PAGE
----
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Beat Happening

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Beat Happening

"It's taken a long time to prove to the world that dance music isn't just a four-four beat, a couple of string pads, and some screaming," says Larry Flick. "Dance music is as multilayered as any other scene. Real McCoy or Le Bouche, things that have a lot of pop success, are to hard-core people in dance music what Seven Mary Three are to alternative people. We look at them and groan."

While Flick's employer, Billboard magazine, concerns itself in large part with keeping track of the popularity contest that is the music business, dance music editor Flick has dedicated much of the last three years to bolstering what he thinks is the good stuff. He's the brains behind Billboard's Dance Music Summit, the third annual version of which will convene at Chicago's Marriott Downtown July 17 through 19.

The event--three days of the usual panel discussions, seminars, and schmoozing, followed by three nights of dense performance schedules--is long overdue in coming to Chicago, considering that the city is generally regarded to be the birthplace of house music. House, which has become the foundation for most dance music, started pricking up the world's ears 15 years ago, and while Flick's summit is only three years old, the first two were held in San Francisco. "I always wanted to do it in Chicago, but the timing has always been off," he says. Billboard has a number of other conferences to attend to during the year, and the only time periods open for his have previously been in January--not exactly the optimal time of year to club hop here.

Billboard's three main showcases--Wednesday at Green Dolphin Street, Thursday at Crobar, and Friday at Vortex--are open to the public (although they'll be packed with badge-wearing conference attendees), as are various affiliated, semiaffiliated, and unaffiliated after-hours parties. The Billboard programs include a profusion of chart-topping dance divas like Jocelyn Brown, Crystal Waters, Martha Wash, and Jennifer Holliday--Wash and Holliday previously sang together in the Weather Girls--as well as Georgie Porgie, a male vocalist from Chicago. The opening night's "Clubland Unplugged" show, at Green Dolphin Street, promises to be the highlight, with singers like Byron Stingily, formerly of Chicago house legend Ten City, and Ann Nesby of Sounds of Blackness performing with live bands instead of the usual DAT accompaniment. Local acid jazz favorites Liquid Soul, who are in the midst of a fierce label bidding war, will also perform.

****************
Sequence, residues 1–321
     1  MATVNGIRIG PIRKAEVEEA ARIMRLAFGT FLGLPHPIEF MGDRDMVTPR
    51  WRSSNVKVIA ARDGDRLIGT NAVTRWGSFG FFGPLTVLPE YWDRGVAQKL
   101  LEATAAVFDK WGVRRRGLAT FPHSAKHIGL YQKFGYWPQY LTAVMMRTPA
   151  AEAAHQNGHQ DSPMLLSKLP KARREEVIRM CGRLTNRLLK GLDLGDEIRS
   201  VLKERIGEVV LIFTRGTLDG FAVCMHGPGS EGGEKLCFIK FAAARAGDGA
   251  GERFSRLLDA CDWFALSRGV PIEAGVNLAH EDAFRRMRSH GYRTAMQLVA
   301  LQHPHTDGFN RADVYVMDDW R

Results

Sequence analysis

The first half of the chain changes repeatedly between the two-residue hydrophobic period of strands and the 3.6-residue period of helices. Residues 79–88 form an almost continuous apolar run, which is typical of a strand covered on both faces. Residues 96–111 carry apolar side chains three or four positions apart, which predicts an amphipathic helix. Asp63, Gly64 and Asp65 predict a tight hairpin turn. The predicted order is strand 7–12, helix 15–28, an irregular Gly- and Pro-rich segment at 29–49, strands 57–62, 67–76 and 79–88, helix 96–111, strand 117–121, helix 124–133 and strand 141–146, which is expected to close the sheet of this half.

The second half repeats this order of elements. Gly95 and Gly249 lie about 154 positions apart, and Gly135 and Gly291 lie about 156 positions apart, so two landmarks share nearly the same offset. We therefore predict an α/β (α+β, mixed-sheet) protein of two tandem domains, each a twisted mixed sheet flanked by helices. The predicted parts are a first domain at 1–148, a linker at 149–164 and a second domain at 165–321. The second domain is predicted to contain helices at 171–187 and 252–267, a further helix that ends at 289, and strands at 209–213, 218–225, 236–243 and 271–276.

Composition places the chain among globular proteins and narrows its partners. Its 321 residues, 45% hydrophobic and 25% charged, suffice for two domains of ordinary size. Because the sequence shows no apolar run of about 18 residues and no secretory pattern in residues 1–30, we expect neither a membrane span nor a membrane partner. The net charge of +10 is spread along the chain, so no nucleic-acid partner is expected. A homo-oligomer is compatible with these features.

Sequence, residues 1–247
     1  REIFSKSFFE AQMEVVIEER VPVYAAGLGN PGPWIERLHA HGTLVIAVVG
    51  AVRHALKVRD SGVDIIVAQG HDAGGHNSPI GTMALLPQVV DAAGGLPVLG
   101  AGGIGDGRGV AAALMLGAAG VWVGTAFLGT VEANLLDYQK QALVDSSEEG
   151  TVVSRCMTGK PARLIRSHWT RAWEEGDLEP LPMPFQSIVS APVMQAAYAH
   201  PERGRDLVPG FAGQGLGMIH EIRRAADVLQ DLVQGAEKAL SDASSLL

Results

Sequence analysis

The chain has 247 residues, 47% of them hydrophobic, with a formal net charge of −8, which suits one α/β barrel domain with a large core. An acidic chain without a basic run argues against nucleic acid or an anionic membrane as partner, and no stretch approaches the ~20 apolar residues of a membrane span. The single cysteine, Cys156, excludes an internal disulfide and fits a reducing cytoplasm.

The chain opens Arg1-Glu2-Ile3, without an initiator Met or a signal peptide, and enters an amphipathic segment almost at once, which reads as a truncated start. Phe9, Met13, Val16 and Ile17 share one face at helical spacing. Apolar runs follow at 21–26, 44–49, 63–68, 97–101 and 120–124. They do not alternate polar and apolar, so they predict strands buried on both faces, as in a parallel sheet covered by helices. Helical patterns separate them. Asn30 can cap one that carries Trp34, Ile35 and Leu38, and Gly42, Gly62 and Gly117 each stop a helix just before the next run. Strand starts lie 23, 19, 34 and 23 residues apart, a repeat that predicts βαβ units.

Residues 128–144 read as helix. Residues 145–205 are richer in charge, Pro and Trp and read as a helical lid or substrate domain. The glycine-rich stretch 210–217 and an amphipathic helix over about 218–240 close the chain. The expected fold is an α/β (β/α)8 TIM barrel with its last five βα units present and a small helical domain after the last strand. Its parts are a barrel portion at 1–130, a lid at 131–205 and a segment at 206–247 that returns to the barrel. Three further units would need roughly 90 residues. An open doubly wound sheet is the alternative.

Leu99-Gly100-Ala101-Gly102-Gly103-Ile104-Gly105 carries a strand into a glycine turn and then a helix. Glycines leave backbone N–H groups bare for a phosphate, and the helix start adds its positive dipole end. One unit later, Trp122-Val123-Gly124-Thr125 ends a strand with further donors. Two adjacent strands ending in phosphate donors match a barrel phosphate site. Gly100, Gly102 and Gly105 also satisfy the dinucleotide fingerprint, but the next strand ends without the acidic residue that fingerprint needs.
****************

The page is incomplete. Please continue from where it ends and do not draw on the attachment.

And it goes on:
Most of the more progressive sounds will be heard during after-hours DJ sets at clubs like Shelter, Vortex, Stardust, the Dome Room, and Smart Bar. Detroit techno giants Carl Craig, Claude Young, and Kenny Dixon and New York new-school house artists Little Louie Vega and C.J. MacKintosh will spin at official parties, along with some Chicagoans like Ralphie Rosario and Casey "Designer" Rice. The line between official and unofficial after-hours parties at this convention seems nebulous; unsponsored sets by prominent locals like Derrick Carter and the Deadly Dragon Sound System will probably be heavily attended as well.

As often happens at its rock counterparts, the Dance Music Summit has garnered a mix of support and criticism from the local scene. Matt Adell of the dance indie Organico Records completely supports the event. He's speaking on a panel as well as presenting a major unofficial showcase Saturday, July 20, at Metro with live performances by Derrick Carter's Sound Patrol, Dubtribe, and Frequency Lab. Joe Dale, co-owner of the city's premier dance music shop, Gramophone, also says he's glad the event has finally come to Chicago. But he's a little disappointed that local DJs are absent from the bigger after-hours parties.

"Back in late March and early April, we started talking to some of the club managers about booking some nights," he says, "and we found out that all the major labels had been in during January and February and booked most of them already. But we still think the European contingent will seek out the local underground stuff." (Europeans, of course, were the first to embrace Chicago house, and to this day the music prospers overseas while often facing indifference locally.)

Jermane Britton of Cajual Records, one of Chicago's most successful and well-respected house labels, is not so positive. "Most of these Billboard parties don't have any Chicago artists, even though that's one of the main reasons all of these people are coming in," he says. Rather than wait for Europe to come to Chicago, the label's biggest act, Cajmere, who scored a massive hit with "The Percolator" several years ago, will go to Europe--he'll be performing in Belgium instead.

Whatever the actual participation of Chicago artists in sponsored showcases, the city's dance music heritage is undeniably crucial to the event. Registration is up, and Flick, who is based in New York, attributes the rise in part to the location. "I've had calls," he says, "from people who sort of feel going to Chicago is a pilgrimage."

Art accompanying story in printed newspaper (not available in this archive): Photo captioned "Cajmere and Jermane Britton/Welcome to Our House" by David Kamba.

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